Busi­ness is at­tracted to ar­eas with sen­si­ble reg­u­la­tion and a low tax bur­den, but they also seek well-main­tained roads, re­li­able power and an ad­e­quate water sup­ply. If Texas is to con­tinue to grow and pros­per, we must ad­dress th­ese in­fra­struc­ture needs. Pop­u­la­tion growth and a grow­ing econ­omy have in­creased con­ges­tion, pol­lu­tion, and wear-and-tear on our high­ways. Fur­ther­more, the 2012 State Water Plan projects that de­mand for water will in­crease by 22 per­cent in the next 50 years, and un­less we take ac­tion, the avail­able sup­ply of water will drop by 10 per­cent dur­ing the same pe­riod. Repub­li­cans are com­mit­ted to find­ing com­mon-sense and fis­cally sound so­lu­tions to ad­dress Texas’ in­fra­struc­ture needs for the coming years.

Texas Repub­li­cans live by the mantra of fis­cal re­spon­si­bil­ity. How­ever, fis­cal re­spon­si­bil­ity re­quires more than a balanced bud­get. The debt we pass on to our chil­dren is not mea­sured sim­ply in dol­lars and cents. It is im­per­a­tive that we also pass along well-main­tained roads and bridges, re­li­able en­ergy and water, and most im­por­tantly a well-ed­u­cated work­force pre­pared for the 21st-cen­tury global econ­omy.

There will be 95 Repub­li­can House mem­bers when the 150-mem­ber House con­venes Jan. 8. The House Repub­li­can Cau­cus is made up of men and women who are eth­ni­cally, racially, ge­o­graph­i­cally and philo­soph­i­cally di­verse. We do not all think alike or agree on ev­ery is­sue, but we take our re­spon­si­bil­ity to gov­ern se­ri­ously.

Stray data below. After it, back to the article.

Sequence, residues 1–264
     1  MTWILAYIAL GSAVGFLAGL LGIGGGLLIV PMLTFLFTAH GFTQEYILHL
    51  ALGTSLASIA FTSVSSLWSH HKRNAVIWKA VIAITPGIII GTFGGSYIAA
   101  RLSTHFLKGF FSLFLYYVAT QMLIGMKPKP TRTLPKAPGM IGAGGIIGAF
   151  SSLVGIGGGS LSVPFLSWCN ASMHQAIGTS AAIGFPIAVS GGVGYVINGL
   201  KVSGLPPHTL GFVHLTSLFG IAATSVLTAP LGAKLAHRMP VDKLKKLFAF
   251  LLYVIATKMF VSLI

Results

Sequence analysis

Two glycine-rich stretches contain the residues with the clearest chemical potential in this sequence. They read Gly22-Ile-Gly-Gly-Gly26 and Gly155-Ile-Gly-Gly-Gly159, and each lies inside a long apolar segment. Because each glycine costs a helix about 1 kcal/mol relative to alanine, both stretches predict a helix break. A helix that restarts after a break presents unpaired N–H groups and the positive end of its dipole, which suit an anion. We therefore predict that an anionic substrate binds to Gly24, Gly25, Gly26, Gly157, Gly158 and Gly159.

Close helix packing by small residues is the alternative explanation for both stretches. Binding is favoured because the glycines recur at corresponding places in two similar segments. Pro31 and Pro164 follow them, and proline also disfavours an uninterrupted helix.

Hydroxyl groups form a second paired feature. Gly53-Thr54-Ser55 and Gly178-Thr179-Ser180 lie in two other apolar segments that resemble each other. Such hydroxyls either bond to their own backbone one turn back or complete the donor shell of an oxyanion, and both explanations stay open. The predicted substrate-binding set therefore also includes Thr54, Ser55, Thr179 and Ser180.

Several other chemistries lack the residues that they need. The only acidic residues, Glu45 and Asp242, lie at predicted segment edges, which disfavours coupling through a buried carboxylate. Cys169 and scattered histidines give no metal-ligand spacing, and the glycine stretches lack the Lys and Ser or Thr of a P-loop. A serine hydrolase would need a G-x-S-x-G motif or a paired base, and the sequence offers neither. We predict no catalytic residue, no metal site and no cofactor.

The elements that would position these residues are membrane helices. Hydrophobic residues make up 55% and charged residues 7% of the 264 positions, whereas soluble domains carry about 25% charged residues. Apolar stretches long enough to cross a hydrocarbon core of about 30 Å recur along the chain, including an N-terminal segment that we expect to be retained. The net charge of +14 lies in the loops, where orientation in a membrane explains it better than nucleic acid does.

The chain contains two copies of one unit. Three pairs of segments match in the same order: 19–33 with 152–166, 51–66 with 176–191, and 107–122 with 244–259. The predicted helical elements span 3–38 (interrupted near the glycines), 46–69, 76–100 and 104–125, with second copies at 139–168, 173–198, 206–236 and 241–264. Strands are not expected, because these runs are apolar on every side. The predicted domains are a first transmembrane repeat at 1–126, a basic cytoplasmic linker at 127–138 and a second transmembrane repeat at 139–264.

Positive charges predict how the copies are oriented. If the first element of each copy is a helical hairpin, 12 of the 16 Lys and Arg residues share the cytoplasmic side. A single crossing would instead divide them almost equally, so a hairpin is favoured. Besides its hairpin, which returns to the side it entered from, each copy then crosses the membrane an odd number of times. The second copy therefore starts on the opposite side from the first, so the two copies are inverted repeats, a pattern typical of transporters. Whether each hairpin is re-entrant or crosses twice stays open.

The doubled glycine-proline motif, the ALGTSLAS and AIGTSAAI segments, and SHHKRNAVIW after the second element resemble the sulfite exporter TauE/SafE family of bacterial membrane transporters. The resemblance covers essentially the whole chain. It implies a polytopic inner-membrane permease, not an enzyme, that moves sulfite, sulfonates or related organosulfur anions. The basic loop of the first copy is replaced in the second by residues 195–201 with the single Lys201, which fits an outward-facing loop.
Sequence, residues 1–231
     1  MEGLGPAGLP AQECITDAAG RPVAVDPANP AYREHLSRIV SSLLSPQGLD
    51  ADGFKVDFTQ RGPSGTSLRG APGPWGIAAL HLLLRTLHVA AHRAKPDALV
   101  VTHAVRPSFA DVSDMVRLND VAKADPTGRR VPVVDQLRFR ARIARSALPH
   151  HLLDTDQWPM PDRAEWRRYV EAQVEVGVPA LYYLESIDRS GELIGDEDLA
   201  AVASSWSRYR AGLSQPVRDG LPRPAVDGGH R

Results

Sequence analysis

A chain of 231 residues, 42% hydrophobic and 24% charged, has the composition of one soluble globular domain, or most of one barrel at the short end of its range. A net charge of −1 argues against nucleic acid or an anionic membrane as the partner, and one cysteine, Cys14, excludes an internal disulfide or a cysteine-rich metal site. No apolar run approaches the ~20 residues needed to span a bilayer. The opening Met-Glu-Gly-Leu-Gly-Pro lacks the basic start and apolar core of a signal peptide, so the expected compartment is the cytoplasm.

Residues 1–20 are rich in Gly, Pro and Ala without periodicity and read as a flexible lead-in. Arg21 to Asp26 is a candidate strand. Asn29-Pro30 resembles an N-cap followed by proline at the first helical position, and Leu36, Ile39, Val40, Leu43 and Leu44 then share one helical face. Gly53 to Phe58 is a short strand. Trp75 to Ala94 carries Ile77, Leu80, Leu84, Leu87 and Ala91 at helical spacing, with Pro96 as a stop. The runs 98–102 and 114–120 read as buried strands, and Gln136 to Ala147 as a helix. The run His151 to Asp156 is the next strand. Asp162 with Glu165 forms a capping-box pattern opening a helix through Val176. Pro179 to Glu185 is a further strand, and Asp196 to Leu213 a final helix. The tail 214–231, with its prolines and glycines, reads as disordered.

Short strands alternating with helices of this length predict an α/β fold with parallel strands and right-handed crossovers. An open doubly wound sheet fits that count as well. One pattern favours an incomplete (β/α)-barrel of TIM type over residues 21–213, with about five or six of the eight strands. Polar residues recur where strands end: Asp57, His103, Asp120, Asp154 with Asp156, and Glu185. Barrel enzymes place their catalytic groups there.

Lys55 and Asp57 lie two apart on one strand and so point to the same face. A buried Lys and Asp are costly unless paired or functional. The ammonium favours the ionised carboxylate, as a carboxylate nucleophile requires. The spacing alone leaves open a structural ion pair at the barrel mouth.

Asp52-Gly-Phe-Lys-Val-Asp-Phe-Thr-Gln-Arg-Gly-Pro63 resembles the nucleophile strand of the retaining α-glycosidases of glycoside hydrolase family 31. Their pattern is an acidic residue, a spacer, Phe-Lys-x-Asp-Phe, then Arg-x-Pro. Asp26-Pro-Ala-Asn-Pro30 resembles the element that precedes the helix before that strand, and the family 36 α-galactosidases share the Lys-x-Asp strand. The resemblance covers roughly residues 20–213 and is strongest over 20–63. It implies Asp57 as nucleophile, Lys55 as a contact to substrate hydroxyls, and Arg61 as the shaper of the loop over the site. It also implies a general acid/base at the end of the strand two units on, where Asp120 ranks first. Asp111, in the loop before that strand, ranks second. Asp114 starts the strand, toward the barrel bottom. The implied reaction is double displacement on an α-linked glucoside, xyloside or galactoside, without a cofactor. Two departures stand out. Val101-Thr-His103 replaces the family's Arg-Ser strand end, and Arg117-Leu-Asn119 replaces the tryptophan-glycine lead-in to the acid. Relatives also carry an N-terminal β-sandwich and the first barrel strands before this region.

We will con­tinue to work with our Demo­cratic col­leagues and reach con­sen­sus with them when we can, but we are com­mit­ted to writ­ing a state bud­get within the con­straints of avail­able rev­enue. The Amer­i­can-States­man steps back and in­vites con­trib­u­tors to present two points of view on an is­sue that af­fects our read­er­ship.

To join the con­ver­sa­tion, go to

or email taxes. But what does that really mean? A shrink­ing bud­get doesn’t just mean cut­ting Med­i­caid and food stamps. It also means fewer roads and more con­ges­tion, less water in times of record drought, and un­re­li­able en­ergy trans­mis­sion in an en­ergy-rich state.

Our state faces real chal­lenges. There are cities in Texas that are lit­er­ally run­ning out of water. The state’s bi­par­ti­san 1997 water plan now costs $53 bil­lion, up from $17.9 bil­lion in 2002, and the price will only in­crease with time. Not to men­tion, the num­ber of coun­ties and cities with­out ad­e­quate water sup­ply in times of drought also will in­crease.

On trans­porta­tion pol­icy, Texas needs $488 bil­lion in in­fra­struc­ture projects by 2030, ac­cord­ing to the non­par­ti­san Texas Trans­porta­tion In­sti­tute. Yet de­spite this loom­ing cri­sis, Repub­li­cans for the first time in Texas his­tory bud­geted more money to pay the debt on ex­ist­ing road projects than